“Lady Catherine is a great friend of mine, Mrs Darcy, and I had the highest regard for her late sister, Lady Anne. I was very curious to meet the woman who finally filled that great lady’s place.”
“I doubt that any woman could replace Lady Anne, madam. Fortunately, my husband desired a wife, not a mother.”
Neither Darcy nor Helen Arnold could completely suppress smiles at Elizabeth’s well-worded response. In one small exchange, Elizabeth Darcy had demonstrated that she possessed the ability to defend herself against hostile encounters with grace, dignity, and a biting wit. Lady Settleton appeared to recognise that, young and country-bred though she might be, Mrs Darcy was not easily intimidated; she ceased her interrogation, falling back on acceptable small talk to fill the time before she could politely leave. No doubt to send a complete, if somewhat less than objective, report of the fateful meeting to her great friend, Lady Catherine.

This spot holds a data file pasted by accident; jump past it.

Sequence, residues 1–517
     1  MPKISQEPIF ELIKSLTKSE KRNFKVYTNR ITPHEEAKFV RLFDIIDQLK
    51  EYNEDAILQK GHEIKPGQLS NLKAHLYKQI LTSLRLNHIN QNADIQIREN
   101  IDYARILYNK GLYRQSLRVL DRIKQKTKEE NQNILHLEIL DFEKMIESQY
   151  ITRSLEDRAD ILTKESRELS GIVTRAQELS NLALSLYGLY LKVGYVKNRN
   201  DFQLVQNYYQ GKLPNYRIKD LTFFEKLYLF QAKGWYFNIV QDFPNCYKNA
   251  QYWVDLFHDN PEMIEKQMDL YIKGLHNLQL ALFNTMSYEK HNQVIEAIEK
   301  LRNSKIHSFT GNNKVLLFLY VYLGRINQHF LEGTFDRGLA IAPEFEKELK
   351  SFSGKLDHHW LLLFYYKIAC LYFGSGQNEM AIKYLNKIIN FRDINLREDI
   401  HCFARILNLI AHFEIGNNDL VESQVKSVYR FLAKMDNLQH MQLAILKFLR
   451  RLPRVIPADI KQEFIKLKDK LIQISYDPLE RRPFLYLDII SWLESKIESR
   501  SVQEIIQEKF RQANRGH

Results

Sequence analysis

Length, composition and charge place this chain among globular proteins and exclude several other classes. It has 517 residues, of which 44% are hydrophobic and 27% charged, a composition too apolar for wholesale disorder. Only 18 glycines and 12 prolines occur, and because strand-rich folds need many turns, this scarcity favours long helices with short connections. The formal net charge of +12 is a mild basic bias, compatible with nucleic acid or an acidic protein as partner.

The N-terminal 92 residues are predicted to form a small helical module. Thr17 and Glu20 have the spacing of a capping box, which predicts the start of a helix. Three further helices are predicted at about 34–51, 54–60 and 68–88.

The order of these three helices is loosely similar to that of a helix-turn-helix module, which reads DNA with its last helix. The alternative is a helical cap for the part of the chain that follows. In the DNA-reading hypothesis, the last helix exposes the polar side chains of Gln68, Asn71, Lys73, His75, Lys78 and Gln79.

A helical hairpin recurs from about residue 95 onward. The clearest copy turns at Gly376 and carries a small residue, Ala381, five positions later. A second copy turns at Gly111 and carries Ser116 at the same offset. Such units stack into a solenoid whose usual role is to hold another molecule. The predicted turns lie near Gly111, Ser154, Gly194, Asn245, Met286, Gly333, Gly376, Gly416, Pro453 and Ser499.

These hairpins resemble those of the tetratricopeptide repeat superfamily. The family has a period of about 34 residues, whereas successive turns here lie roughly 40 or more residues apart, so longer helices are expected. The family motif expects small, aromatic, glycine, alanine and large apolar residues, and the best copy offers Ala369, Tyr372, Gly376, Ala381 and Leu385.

When the last of the callers had left, Elizabeth leaned back, closed her eyes and massaged her temples. Feeling slightly better, she opened her eyes, and with a bemused smile addressed the Arnolds: “I cannot thank you enough for coming today. Several times, you came to our rescue. I suspect that my husband is grateful he did not have to spend four hours fending off over-talkative females and their spouses.”
“You were marvellous, Mrs Darcy. It was our pleasure to be of assistance,” Michael Arnold said. “Darcy, what say you to a drink at our club?”
Elizabeth saw that her husband was hesitant to accept. “Go, I need to rest after doing battle with the matrons of society.”
“As long as you do not object, Elizabeth. White’s in an hour, Arnold?”